If you could have any writing space in the world, what would it look like and why?

It is really simple.  And as cliché as it may be: any space in NYC that has a few big windows, is in close proximity to a boutique café that has good coffee and baked goods, & is close to a good subway line.  You can’t help but feel exhausted & alive there.  And you don’t mind the exhaustion, because truly, in the morning, your creative hangover is so intense, that you want to do it all over again.  And again. And again.

Jacey Blue Renner received her MFA from Lesley University and is currently working to maintain her creative muscles as a freelance writer and poet. She reads for the literary journal Tidal Basin Review and thinks Tina Fey may actually be the answer to, well everything. Temporarily based in the Southwest she hopes to make it back to her city-love NYC soon.  Read her blog here, jaceybluerenner.blogspot.com.

Thank you for sharing your space with us, Jacey! I’m so intrigued by military life (having just escaped it myself when I married my veteran husband very shortly after he left the Army), and I loved reading about your inspirations and city love. 

What do you guys think of Jacey’s space? And what would your ideal writing space look like? Share in the comments below!


4 thoughts on “Where Writers Write: Jacey Blue Renner”

  1. I love your space. I am interested in how your husbands flag, our country’s flag kicks your rear into writing…and where it shows up. It must appear in some poems or short fiction…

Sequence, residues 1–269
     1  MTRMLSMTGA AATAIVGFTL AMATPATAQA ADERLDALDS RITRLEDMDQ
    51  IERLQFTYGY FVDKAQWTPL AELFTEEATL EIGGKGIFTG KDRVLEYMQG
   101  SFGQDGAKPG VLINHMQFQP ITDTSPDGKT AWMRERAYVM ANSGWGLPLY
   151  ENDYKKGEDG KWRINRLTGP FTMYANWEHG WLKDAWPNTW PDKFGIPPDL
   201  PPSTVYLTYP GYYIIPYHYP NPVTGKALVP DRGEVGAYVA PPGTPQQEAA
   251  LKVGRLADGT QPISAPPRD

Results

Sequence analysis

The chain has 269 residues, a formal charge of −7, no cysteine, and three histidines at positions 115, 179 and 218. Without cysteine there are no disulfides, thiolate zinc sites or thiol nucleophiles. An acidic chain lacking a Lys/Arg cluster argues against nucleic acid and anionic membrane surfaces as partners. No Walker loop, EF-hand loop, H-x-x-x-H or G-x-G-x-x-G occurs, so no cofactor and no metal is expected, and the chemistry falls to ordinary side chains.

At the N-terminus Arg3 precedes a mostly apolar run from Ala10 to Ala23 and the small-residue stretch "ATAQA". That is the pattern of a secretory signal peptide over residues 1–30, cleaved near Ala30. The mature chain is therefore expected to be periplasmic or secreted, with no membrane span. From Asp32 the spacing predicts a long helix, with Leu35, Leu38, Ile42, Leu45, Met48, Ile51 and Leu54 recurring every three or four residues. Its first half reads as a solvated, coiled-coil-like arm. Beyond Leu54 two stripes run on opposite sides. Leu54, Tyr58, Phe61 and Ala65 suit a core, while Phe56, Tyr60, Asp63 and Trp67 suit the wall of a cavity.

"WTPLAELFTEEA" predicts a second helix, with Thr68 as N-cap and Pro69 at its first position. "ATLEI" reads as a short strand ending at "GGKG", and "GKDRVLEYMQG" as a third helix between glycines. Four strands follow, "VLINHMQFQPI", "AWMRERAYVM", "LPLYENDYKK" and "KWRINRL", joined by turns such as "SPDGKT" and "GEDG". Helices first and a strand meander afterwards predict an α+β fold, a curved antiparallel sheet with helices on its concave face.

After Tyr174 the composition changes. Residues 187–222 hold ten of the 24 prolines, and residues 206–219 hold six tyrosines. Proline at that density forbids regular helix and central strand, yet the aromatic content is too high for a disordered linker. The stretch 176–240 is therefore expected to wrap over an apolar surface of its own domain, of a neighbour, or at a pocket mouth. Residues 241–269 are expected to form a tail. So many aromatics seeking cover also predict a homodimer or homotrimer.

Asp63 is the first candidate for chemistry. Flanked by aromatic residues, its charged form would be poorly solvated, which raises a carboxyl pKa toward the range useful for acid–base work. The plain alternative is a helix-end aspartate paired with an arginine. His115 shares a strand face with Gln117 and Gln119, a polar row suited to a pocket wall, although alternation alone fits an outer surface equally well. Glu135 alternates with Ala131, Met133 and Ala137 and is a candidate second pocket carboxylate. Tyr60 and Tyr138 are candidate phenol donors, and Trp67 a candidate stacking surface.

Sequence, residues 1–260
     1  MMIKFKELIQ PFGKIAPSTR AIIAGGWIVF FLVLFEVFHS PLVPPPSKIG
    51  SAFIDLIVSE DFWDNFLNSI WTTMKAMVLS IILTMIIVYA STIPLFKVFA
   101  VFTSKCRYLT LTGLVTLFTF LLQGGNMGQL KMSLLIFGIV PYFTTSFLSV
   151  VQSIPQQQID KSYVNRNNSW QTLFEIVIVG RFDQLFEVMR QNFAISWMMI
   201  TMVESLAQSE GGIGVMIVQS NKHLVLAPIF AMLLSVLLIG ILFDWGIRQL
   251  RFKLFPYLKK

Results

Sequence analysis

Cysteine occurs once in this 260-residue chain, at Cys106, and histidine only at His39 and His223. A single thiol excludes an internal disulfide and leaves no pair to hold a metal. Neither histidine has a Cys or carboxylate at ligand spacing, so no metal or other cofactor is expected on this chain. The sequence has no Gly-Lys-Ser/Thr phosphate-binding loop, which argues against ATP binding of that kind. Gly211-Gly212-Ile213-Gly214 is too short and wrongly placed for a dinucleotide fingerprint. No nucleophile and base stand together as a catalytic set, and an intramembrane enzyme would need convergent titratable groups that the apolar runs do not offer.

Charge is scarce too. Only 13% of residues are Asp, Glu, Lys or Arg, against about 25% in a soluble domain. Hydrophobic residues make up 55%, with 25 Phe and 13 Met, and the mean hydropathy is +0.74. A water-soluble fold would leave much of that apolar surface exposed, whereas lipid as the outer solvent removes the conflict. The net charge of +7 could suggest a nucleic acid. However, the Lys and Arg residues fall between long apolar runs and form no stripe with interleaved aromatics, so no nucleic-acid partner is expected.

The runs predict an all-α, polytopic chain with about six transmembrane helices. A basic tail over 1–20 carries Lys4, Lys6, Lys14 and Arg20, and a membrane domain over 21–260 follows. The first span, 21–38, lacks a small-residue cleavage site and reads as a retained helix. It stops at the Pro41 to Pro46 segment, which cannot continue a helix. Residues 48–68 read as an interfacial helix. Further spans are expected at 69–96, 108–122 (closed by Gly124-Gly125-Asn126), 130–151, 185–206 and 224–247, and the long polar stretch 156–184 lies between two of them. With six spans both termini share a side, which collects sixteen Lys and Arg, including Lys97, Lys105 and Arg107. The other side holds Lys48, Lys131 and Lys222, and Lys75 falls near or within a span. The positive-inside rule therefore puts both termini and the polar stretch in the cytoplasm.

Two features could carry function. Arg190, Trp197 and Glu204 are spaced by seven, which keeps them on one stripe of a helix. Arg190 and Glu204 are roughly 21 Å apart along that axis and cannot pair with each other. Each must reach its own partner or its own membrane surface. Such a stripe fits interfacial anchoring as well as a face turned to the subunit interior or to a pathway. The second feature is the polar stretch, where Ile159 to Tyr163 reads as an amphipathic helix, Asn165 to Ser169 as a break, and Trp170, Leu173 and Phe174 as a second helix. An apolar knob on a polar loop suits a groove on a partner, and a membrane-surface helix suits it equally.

also your writing spaces vary depending on which base you’re on–have you seen it change or shift your writing depending upon how much time you are in one area? I recall poems with sunrises in the background of the car of the sense of leaving a place that you once wrote…I assume you have loved and lived in many spaces how does this affect your work?


  2. K, thanks! And thank you for your questions. When I see that particular flag (not all flags) I am reminded of the challenges that he faced & had to overcome during the particular mission where that specific flag was flown on his plane. When I think about those things, that country, that mission, then it reminds me that my writing challenges or hesitations are not really comparable. Not to diminish my challenges, but I guess, it helps to remind me of a bigger perspective, especially when I am feeling like I am in a writing slump. And also, then, this perspective appears in my work, A LOT.

    As to the role location plays. I would say, it is immense. Wherever I live tends to heavily influence the backdrop of my writing (well, except where I live now, because I am OVERLY familiar with it). Like Kristin, location is probably the most important component of my current work.


  3. This was really cool to read! I totally agree with your vision of an ideal space. Big windows = ideal writing space. And is there anything more inspiring than NYC? Once I start rolling in dough I wanna live there.

    I imagine living on an airforce base has to creep into your writing in some interesting ways. I would love to see that! Especially for poetry, right?

    I am trying to think of my ideal writing space and it would have to be at a cafe in a cool city. I love staring out the window and observing people while I work. It’s so inspiring. I always get so tired of my boring office.